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To determine the enthalpy changes of reaction for some reactive metals, with hydrochloric acid.

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To determine the enthalpy changes of reaction for some reactive metals, with hydrochloric acid. Sodium carbonate can be used as a standard to determine acid concentration, because it is readily available in a pure and dry form. Here 7.5g is used to make up a 250cm solution with a concentration of 0.283 moldm .The calculations show this; The exact concentration of hydrocloric acid, is found by titrating it against the standard solution. Apparatus Chemicals 2 decimal place balance; HCl (exact weighing jar; concentration not known teat pipette; between 2.0 and 2.5moldm); pipette; burette; screened methyl orange; conical flask; anhydrous sodium carbonate. 250cm measuring flask and bung; 100cm measuring cylinder; white tile; clamp stand. Safety points. Solutions of HCl greater than or equal to 2moldm are irritant to the skin and eyes. A lab coat should be worn and direct contact with acid avoided. Na CO is also irritant, same preucautions should be taken. ...read more.


Repeat titration (using same standard) until 3 results within 0.1cm are obtained. Record all results but only use the values which are in agreement to calculate the mean volume used. Calculation of hydrocloric acid concentration. When chemical bonds are broken energy is required, when new bonds are formed, energy is given out. An exothermic reaction is a reaction which overall gives out more energy than it takes in. We can calculate this enthalpy change in a reaction by measuring the temperature change. The five metals in this method are potassium, magnesium, lithium, calcium and zinc. They are selected because they are all fairly reactive and are all safe to react with 2moldm of HCl. The come from a variety of groups from the periodic table. I am using 0.3g of each metal as in larger quantities the reaction could be dangerous, and the hydrogen released explosive. For a fair test all metals should react in the same quantaty of acid. ...read more.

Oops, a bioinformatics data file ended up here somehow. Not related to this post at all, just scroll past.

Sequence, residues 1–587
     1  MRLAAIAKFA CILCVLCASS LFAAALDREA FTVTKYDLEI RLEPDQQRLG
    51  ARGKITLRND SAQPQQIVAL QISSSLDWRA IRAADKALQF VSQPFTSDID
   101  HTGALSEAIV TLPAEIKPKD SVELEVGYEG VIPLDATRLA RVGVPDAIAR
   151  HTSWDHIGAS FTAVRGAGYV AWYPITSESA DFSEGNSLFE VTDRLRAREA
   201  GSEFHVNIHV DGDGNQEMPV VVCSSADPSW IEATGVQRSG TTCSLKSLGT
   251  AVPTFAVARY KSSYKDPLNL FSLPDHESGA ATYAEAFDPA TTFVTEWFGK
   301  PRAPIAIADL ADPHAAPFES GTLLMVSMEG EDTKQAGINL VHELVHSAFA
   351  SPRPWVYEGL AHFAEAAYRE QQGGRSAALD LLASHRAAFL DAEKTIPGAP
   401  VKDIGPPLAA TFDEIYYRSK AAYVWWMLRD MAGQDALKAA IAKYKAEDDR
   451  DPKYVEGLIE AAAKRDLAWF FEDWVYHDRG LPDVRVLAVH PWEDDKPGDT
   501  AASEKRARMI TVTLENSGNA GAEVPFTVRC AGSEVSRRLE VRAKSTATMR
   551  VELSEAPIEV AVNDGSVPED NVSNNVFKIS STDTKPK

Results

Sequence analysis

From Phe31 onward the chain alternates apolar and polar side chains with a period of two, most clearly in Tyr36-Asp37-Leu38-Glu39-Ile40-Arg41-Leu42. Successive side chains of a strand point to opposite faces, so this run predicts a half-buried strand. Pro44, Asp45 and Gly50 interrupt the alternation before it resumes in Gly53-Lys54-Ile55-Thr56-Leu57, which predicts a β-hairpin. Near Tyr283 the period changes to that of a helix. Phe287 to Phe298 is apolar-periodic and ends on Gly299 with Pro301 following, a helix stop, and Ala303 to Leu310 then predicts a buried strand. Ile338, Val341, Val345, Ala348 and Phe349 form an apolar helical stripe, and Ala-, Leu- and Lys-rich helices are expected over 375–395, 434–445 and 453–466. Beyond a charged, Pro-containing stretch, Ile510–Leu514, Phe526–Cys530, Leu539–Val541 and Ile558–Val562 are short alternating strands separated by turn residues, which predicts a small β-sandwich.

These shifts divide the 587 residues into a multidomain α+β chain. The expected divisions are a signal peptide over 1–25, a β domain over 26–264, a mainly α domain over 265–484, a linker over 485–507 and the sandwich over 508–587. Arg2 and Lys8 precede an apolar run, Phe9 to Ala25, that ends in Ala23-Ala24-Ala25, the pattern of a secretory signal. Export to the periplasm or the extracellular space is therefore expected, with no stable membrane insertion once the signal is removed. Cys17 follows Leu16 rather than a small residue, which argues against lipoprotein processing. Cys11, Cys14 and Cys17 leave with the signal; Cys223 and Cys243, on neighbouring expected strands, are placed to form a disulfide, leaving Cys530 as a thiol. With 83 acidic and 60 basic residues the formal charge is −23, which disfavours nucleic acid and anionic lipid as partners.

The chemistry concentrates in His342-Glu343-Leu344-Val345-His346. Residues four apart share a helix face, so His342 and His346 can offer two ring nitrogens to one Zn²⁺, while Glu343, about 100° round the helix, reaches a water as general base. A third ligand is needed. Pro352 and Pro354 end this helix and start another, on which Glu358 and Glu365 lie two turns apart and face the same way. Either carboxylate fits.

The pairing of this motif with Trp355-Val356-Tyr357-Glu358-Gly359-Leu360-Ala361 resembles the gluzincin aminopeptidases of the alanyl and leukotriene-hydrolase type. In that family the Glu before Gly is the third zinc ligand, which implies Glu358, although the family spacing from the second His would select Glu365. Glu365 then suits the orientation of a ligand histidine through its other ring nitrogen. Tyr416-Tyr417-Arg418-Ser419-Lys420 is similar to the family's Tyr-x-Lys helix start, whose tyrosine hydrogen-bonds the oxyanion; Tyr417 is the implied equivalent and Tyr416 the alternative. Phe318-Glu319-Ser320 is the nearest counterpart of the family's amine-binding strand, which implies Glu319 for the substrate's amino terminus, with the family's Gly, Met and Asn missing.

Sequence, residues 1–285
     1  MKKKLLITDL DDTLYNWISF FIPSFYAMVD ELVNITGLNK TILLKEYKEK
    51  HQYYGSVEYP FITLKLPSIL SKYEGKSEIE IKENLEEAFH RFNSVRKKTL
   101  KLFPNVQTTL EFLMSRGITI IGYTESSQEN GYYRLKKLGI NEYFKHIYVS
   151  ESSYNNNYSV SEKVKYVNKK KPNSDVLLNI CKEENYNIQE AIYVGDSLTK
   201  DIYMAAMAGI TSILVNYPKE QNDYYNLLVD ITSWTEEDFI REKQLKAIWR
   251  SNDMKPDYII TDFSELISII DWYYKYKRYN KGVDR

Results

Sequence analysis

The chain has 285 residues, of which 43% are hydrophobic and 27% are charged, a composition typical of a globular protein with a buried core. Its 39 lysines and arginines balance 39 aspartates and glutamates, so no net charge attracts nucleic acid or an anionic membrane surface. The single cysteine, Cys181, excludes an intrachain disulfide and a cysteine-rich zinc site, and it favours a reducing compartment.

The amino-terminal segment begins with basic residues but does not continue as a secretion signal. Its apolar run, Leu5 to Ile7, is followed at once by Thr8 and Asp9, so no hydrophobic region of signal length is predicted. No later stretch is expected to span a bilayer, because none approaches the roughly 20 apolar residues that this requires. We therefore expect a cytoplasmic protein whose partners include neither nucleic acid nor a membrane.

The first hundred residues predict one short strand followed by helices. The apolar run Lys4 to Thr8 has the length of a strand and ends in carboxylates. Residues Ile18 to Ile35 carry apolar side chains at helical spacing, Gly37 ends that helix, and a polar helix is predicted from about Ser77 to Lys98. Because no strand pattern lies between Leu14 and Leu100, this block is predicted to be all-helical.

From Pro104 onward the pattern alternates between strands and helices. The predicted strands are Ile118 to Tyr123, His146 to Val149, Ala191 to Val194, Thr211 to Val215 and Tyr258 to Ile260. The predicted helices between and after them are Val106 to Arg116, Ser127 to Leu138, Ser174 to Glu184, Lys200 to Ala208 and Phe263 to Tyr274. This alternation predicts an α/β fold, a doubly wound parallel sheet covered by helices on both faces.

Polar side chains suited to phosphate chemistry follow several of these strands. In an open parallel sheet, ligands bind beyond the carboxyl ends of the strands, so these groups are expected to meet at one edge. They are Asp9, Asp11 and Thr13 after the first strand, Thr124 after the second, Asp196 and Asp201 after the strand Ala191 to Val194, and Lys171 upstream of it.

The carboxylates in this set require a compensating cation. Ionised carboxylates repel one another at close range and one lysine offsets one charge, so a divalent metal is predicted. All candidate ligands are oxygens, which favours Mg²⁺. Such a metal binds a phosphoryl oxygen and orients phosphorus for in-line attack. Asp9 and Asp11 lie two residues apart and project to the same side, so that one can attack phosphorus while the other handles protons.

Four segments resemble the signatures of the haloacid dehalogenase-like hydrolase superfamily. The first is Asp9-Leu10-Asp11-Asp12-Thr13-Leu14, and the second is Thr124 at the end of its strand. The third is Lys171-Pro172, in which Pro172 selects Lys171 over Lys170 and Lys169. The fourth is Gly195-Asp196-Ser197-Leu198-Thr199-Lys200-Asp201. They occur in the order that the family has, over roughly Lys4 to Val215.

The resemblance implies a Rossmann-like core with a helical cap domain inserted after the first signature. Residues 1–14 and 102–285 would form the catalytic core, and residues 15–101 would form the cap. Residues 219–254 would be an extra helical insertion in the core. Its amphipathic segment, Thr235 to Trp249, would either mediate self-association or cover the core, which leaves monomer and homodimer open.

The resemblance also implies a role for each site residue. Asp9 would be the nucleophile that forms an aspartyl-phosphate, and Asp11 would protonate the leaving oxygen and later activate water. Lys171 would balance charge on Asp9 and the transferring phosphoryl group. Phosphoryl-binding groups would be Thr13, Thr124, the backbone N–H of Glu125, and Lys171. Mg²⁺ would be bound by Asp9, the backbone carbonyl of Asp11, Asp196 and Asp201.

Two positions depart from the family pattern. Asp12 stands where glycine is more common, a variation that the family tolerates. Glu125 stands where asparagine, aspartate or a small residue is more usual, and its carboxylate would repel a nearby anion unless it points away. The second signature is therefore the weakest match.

Some of the products formed are corrosive and cause burns to the skin so contact must be avoided with all chemicals e.g. Aluminium chloride is corrosive. A lab coat should be worn at all times. Enthalpy change = mc t The HCl is made up mainly from water, so we can use water's data: The specific heat capacity C of water =4.2JK g , and the mass 1cm=1g. m = mass of HCl + mass of metal =50g +0.3g =50.3g T is the temperature change in K or C In my trial I obtained a T value of 17 C for magnesium Enthalpy change = 50.3 x 4.2 x 17 = -3890 J To convert to moles: moles of Mg = mass = 0.3 = 0.0125 RFM 2.4 0.0125moles of Mg give an enthalpy change of -3590 J so 1 mole of Mg gives - 287000 J mol = -287KJ mol To simplify for each metal, in this particular reaction only enthalpy change = mc t x mol/1000 = 50.3 x 4.2 x t x 80 /1000 =(16.9008 x t) KJmol ...read more.

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